Serving Up Vermont
Homemade cooking doesn’t have to be a daunting task. In an age where packaged and premade food is immediately available, it can be easy to neglect the pots and pans in our kitchens. But cooking from home offers many benefits over eating out; it’s overall healthier, lower in empty calories, higher in nutrition, and is significantly more cost-effective. When out of practice, though, recipes gone wrong can be a frustrating end to your day. So we’re introducing a new cooking workshop series dedicated to making you feel good about getting your hands dirty.
You may have heard some rumblings about the benefits of ghee, or perhaps you’ve seen ghee on the shelf (you can find it in Aisle 2). But do you know what it is?
Ghee is clarified butter, meaning the oil has been separated from the milkfat. It is a concentrated source of the fats (mostly saturated) and the vitamins A, D, E, and K2 found in butter. It also is a good source of butyric acid, a saturated fat that helps the digestive system.
Cooking oils have always been a topic of heated discussion. They’re all high in fat, but each oil is composed of different types of fat and all behave differently when used in recipes. One oil is not superior to all—each have their place in our pantries and serve their cooking purposes. One oil in particular seems to be running on people’s brains as of late, and that is palm oil.
Do you know the difference between the phrases “sell by,” “best by,” and “expires” on products? If not, you are not alone. It’s estimated that confusion over date labels is estimated to account for 20% of consumer food waste, which throws away $29 billion in spending each year! There is currently no federal law requiring date labeling on products, which has led to a patchwork of state regulations for date labeling and voluntary labels from producers and manufacturers.
Note: This article is not meant as a substitute for proper medical advice. Please consult with your medical practitioner before using any type of remedy, herbal or otherwise.
You’ve probably noticed coconut’s meteoric rise in popularity over the past couple of years. The use of coconut oil increased 780% between 2008 and 2012 and coconut water consumption increased 168% between 2010 and 2013. So what’s the big deal?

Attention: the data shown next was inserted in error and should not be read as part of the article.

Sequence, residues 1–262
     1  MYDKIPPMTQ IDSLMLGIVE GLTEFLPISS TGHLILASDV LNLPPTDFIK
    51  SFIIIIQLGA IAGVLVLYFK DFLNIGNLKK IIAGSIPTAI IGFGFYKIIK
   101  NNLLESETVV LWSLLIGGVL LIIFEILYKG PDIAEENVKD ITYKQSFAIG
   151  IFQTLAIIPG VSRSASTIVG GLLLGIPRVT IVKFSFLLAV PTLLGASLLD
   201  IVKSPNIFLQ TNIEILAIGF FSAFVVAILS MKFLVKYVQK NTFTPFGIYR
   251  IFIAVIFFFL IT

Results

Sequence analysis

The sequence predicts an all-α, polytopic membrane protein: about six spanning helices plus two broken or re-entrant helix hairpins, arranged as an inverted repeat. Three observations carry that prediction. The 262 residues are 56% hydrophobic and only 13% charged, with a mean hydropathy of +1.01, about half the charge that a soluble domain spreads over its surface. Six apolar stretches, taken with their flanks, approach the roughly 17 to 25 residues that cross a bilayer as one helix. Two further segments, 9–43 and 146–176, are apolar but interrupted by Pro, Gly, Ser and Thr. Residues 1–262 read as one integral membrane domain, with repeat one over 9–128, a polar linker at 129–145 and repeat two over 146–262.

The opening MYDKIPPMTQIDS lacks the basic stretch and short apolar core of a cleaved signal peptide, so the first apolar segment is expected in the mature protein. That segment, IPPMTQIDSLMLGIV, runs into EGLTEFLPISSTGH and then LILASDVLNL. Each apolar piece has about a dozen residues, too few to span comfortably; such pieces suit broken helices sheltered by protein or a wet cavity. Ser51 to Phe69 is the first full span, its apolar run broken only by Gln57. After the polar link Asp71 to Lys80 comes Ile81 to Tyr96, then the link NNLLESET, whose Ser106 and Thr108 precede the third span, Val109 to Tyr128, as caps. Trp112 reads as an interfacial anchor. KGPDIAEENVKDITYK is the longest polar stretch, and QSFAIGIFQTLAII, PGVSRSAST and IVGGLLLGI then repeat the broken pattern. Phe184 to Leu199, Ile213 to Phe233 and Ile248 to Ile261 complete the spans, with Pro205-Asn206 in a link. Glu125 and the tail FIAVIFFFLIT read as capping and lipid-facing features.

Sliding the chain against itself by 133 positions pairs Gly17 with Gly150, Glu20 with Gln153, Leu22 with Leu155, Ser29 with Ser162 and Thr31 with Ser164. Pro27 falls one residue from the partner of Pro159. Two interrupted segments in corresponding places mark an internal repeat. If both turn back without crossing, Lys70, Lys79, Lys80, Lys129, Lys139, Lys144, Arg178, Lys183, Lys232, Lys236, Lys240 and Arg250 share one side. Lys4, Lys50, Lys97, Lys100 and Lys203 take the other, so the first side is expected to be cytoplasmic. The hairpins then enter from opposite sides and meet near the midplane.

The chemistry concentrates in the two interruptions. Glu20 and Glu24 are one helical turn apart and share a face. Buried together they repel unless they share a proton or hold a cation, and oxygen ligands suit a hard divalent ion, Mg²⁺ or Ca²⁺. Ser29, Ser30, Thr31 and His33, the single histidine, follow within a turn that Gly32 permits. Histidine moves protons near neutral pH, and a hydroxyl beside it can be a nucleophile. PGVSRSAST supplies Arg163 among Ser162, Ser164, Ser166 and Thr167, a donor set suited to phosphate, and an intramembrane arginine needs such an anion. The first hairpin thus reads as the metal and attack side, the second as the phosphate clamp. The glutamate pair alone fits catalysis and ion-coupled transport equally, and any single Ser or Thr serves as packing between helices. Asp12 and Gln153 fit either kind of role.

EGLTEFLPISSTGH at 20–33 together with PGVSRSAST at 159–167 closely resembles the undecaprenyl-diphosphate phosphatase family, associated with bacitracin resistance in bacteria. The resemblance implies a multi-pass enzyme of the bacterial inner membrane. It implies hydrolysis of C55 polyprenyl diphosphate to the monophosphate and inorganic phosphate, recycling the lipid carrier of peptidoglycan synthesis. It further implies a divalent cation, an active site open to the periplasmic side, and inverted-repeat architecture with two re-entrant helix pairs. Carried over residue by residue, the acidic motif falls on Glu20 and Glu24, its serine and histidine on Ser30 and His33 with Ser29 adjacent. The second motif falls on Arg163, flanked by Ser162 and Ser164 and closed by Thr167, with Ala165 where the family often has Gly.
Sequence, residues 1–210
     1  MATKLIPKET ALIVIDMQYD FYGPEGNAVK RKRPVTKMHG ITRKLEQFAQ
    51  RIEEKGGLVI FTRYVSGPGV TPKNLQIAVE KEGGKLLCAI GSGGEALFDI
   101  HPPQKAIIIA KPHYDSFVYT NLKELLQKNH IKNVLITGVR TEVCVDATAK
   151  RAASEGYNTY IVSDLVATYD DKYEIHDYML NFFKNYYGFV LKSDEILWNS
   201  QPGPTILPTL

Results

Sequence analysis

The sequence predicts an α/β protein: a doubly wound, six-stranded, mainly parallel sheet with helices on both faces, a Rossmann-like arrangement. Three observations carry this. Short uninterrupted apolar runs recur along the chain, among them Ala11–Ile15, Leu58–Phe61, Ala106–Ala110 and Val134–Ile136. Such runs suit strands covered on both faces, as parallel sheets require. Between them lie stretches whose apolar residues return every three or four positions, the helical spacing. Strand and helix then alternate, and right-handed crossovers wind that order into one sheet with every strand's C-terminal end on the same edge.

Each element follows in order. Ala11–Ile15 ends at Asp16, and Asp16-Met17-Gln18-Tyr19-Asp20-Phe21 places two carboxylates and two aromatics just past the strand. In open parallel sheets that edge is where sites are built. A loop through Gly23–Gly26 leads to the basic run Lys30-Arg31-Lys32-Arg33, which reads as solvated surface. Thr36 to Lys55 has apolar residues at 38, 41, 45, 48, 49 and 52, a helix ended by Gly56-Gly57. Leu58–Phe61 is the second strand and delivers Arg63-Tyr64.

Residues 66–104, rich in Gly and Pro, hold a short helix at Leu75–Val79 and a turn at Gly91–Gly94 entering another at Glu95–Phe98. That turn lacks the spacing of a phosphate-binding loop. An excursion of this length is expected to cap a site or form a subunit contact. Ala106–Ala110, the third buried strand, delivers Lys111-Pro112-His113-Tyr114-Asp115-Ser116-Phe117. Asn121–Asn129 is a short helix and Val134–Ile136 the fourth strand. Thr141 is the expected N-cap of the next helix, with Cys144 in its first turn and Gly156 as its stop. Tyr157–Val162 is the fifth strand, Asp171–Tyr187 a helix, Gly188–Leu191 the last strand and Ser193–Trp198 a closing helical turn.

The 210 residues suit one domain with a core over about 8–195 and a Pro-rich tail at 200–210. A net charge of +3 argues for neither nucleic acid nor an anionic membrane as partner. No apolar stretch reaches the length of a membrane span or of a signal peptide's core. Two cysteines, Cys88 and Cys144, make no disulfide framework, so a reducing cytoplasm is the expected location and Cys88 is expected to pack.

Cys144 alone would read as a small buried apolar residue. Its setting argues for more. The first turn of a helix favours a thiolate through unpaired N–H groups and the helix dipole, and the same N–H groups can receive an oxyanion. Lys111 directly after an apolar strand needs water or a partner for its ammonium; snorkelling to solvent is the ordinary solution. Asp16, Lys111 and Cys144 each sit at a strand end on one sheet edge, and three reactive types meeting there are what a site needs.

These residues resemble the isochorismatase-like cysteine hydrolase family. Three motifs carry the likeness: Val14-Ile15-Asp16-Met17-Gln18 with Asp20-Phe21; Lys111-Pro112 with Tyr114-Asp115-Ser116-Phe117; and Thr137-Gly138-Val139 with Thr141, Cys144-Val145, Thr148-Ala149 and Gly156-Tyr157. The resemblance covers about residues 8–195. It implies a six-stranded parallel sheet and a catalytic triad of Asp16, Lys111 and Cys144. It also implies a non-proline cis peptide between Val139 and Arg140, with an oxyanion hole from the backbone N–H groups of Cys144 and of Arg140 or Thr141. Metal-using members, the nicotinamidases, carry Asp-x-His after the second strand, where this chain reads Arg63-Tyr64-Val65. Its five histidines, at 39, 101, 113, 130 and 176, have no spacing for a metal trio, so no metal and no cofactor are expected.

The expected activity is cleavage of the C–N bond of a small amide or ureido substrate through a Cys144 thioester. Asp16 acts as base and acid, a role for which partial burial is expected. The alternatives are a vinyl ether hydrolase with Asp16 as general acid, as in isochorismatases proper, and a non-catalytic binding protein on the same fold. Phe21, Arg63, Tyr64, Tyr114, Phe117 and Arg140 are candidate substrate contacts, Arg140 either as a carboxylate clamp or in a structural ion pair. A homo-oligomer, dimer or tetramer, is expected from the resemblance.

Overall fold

This is a guest post about NOFA-VT's upcoming Winter Conference, written by Helen Whybrow, Roving Farm & Food Reporter.
Our brave little state has been through a lot: a 2016 winter of no snow, followed by this summer’s drought, an election season full of strife, and now with a new President, worlds of uncertainty about what’s to come. It can be easy, in the dark days of winter, to wonder about the larger purpose of one’s efforts on the farm or in the world.
Thankfully, NOFA-VT has attracted two international giants in the food and farming world to speak at the 35th annual winter conference on February 18-20 at University of Vermont. Dr. Fernando Funes Monzote, of Cuba, and Dr. Vandana Shiva, of India, will both bring a message of resilience, hope, and the power of people to make slow—but radical—change.
Did you know that real grenadine, the syrupy sweetness that defines a Shirley Temple, is traditionally made from pomegranate juice rather than cherry flavoring (and skips all the preservatives)? Given that we’re in the midst of pomegranate season right now, making your own homemade grenadine is a fun and relatively easy activity. It also makes a great gift for friends and family!
Photo Credit: The Bake Cakery
Finding natural options for food colorings seemed simple enough in my head, given how frequently I stain my hands, cutting boards, and clothes in vibrant shades of fuscia and yellow with messy recipes gone awry with hibiscus or perhaps curry. But when City Market hosted a winter cookie-decorating party a few weeks ago, the task of creating holiday-hued frostings and glazes proved somewhat of a difficult task.
Note: These articles are not meant as a substitute for proper medical advice. Please consult with your medical practitioner before using any type of remedy, herbal or otherwise.
The winter can be a stressful time for many, from traveling to hosting and cooking for holiday get togethers to fewer sunlight hours. During this time of the year, it’s important to remember to slow down, give thanks, and breathe deeply. However, if you find your heart beating fast, your mind never ceasing to wander, or not being able to fall asleep at night, have you considered giving tulsi a try?
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